Metabolic profile of six oral contraceptives containing norgestimate, gestodene, and desogestrel.Int J Fertil Menopausal Stud. 1995; 40 Suppl 2:98-104.IJ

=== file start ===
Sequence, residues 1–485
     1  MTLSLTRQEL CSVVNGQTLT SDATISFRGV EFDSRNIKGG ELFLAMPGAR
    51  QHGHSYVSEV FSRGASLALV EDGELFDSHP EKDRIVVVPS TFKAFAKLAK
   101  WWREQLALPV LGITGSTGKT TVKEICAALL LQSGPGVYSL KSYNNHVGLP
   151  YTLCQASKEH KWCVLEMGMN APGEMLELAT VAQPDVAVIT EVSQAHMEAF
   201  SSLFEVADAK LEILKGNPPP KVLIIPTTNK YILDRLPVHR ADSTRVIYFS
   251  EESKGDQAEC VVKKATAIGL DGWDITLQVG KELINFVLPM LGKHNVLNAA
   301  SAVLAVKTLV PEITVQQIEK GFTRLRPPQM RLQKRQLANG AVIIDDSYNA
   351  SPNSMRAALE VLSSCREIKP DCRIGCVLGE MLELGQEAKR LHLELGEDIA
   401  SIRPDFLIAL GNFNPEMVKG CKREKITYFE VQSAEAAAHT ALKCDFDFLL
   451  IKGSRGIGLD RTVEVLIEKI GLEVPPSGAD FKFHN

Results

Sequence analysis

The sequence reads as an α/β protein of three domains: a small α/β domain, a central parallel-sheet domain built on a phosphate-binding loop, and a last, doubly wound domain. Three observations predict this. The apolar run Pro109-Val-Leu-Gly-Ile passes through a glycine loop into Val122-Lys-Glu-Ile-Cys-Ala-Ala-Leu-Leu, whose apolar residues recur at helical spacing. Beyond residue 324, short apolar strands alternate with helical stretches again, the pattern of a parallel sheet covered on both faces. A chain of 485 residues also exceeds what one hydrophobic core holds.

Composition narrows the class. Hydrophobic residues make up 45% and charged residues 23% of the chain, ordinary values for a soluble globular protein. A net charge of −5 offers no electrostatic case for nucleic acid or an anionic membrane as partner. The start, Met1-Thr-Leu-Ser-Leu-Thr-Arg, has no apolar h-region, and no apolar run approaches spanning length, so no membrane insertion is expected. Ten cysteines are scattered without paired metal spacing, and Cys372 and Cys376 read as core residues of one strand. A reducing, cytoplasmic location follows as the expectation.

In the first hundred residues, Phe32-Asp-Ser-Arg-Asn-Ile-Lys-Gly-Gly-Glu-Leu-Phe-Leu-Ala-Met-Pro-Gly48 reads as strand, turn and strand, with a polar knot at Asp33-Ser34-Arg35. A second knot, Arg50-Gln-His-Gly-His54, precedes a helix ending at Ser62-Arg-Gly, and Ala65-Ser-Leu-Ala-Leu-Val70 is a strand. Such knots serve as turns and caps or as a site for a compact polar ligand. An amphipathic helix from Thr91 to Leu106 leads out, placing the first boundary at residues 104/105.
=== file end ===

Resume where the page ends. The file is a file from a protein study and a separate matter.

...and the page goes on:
The alterations in lipid metabolism that occur with the use of oral contraceptives (OCs) have aroused considerable concern that OCs might increase the risk of premature atherosclerosis. However, most studies examining the role of OCs in atherogenesis were performed using earlier-generation preparations employing larger doses of sex hormones than present formulation. Therefore, we undertook a comparative and standardized determination of the effects on lipid metabolism of six modern, low-dose OCs. This open, randomized, comparative study included patients recruited at 21 study centers throughout Europe. Four hundred sixty-six women, aged 18-38 years, participated. They were randomly assigned to the following OC formulations:(1) norgestimate 250 micrograms + ethinyl estradiol (EE) 35 micrograms (Cilest); (2) norgestimate 180/215/250 micrograms + EE 35 micrograms (Tricilest); (3) desogestrel 150 micrograms + EE 20 micrograms = (Marvelon); (4) desogestrel 150 micrograms + EE 30 micrograms (Mercilon); (5) gestodene 75 micrograms + EE 30 micrograms (Femovan); and (6) gestodene 50/70/100 micrograms + EE 30/40/30 micrograms (Trifemovan). There were three parallel studies with six parallel patient groups. Fasting blood samples were drawn at baseline (between days 24 and 28) and on days 18-22 of cycle 6, and cycle 12. Sample were analyzed for total cholesterol,high-density lipoprotein (HDL) cholesterol, HDL2 cholesterol, low-density lipoprotein (LDL) cholesterol, triglycerides, apolipoprotein (apo)A1, and apoB at one central laboratory. Two hundred eighty-two women completed all 12 cycles and were included in the final evaluation. As expected, triglyceride and total cholesterol concentrations increased in all study groups but to lesser levels with the formulations containing gestodene. All OCs, except the monophasic gestodene preparation, slightly but significantly increased HDL. The HDL2 subfraction did ot change significantly except in the group using the monophasic gestodene preparation; in this group, the HDL2 subfraction slightly but significantly decreased. The LDL concentration increased slightly with the monophasic and triphasic norgestimate preparations and with desogestrel + 20 micrograms EE. The LDL/HDL ratio did not change significantly except with the use of the triphasic norgestimate preparation, in which case it decreased slightly. ApoA1 and apoB levels increased only slightly with all formulations. Importantly, while all of the OCs tested altered lipid levels to some extent, after 12 cycles there were no statistically significant differences in lipid effects among OC preparations. Modern, combined OCs that contain norgestimate, desogestrel, or gestodene all have some impact on lipid levels. However, it would appear likely that they do not contribute to atherogenesis in healthy women.